Harrison grew up as an only child in Adelaide in the 1940s. His mother had struggled to have children, and was very overprotective. At the age of five he was sexually abused by an uncle who babysat him and would fondle his genitals while giving him his bath.
Overall Harrison enjoyed his time at the Anglican college he attended for his primary and secondary schooling. However, when he was 10 years old, he was sexually abused by Francis, an ‘ex-pupil’ (‘an old bloke, he was well over retirement age’) who frequently visited the school.
Francis would entice Harrison to meet him alone after class. ‘He started to try and kiss me, and I objected strenuously to that, and I sort of pushed him away ... But he didn’t stop, he still kept trying. For weeks afterwards he still kept trying, but I rejected him. In the meantime his hand would come across the seat and he was attempting to masturbate me in a way, which I must admit I didn’t find all that unpleasant.’
At times Francis came and visited Harrison at home for tea. Harrison’s mother was suspicious and asked him directly if Francis ever ‘touched you anywhere’, but he denied it ‘emphatically’. After some time Francis ‘disappeared’ and Harrison does not know what become of him.
Harrison was heavily involved in the choir at his local Anglican church. He became close to the choirmaster, Mr Newman, who was ‘very morose’ and lonely as his wife and kids had left him. ‘I was great friends with him, and he with me.’
When he was 13 years old, Newman invited him to his home to play tennis, and ‘I liked the idea of going over’. At the house he was told to strip off and change into a tight pair of white shorts before they commenced playing. ‘They were so tight that I could hardly move in them.’
He and Newman had a game and ‘he’s patting me on the bum, and this sort of thing’. After they had finished Harrison was instructed to take a shower.
‘I got in the shower, and a couple of minutes later he ended up in the shower with me. And he had anal sex with me. Which again I didn’t object to at the time ... although I was very ashamed of it later. I was very ashamed, and never said anything to anybody.’
Following this last incident Harrison carried a lot of anger and became rebellious at school. ‘I felt that I underachieved. I felt that I could’ve done a lot better. It got to the stage where I hated authority.’ After completing school he found an office job, but didn’t stay long in this role as he was ‘still very anti-social’, so he left to go driving trucks.
For many years Harrison kept the abuse he’d experienced to himself, until disclosing it in detail when he spoke to the Royal Commission. It was a long time before he realised the severity of what the three men had done to him. ‘I do now. I know they were abusing me, they were sexually abusing me. And I know that now. At the time, I just considered it play.’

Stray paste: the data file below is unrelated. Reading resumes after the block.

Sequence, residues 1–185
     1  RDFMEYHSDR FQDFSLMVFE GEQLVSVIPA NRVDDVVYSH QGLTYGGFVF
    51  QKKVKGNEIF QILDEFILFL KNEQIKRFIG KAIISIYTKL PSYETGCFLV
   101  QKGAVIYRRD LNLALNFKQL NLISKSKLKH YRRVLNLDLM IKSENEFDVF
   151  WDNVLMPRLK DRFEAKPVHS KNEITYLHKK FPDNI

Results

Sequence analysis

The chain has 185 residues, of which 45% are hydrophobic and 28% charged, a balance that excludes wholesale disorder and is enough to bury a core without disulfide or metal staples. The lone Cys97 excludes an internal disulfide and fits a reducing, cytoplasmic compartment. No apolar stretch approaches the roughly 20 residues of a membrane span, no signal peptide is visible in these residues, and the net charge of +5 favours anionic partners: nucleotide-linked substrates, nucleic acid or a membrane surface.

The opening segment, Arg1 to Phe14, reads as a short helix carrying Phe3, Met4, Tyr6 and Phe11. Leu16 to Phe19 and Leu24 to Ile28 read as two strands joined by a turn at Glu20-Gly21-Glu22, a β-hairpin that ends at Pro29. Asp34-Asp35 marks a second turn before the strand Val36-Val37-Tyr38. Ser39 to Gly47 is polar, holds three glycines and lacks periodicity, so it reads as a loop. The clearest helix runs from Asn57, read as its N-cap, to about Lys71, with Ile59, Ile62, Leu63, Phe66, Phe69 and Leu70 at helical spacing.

Harrison believes the abuse made him ‘over-sexualised’ – and his ‘attitude to women was one of contempt, and this came from my mother’. He sought short term sexual interactions with women, rather than long term relationships. ‘Once I’d had sex with them I’d just drop them completely.’ Now he has been married to the same woman for many years, and they have adult children.
As a young adult, Harrison became interested in children he knew as ‘a sexual object’, and sexually abused a number of children over several decades. ‘I would convince myself I was only looking at them in a loving way. That I just wanted to love the child. That’s bullshit. I was after them sexually ... I think I looked at it that, it didn’t hurt me, it won’t hurt them.’
When he became extremely ill he reflected in more detail the abuse he’d experienced and committed. ‘I’d endeavoured for 50 years to push it aside, and I’d succeeded. And slowly but surely I started to re-picture everything ... And I sat there and thought, “this is wrong, you know, it’s just not right. What I am doing is not right. What I was up to is not right. Face it. What they did to me was not right”. And then I get angry.’
Harrison sought help from a forensic psychologist for ‘these feelings of guilt that were starting to emerge’ about his offending. He had intentions to see the psychologist regularly but within a short time he was arrested. Currently serving a prison term for a historical child sex offence, Harrison reported that he’d not committed further offences for two decades.
He has completed sex offender programs in prison. One was ‘just to bring your thoughts out’, while another was run by psychologists and ‘very intense’, even bringing his wife in to discuss his offending ‘so that she knew exactly what was going on’.
Still, Harrison does not consider himself fully rehabilitated. ‘There’s no cure for this thing, so I don’t consider I’m cured. There’s just a realisation that it’s wrong.’
He suggested that if there was a support service for people with sexual feelings for children, but who have not acted on these feelings, this could prevent some abuse from happening. If this kind of help had been available to him when he was a young man, he believes he would have accessed it. ‘I was never at ease with what I was doing, but I was compelled from inside me to do it.’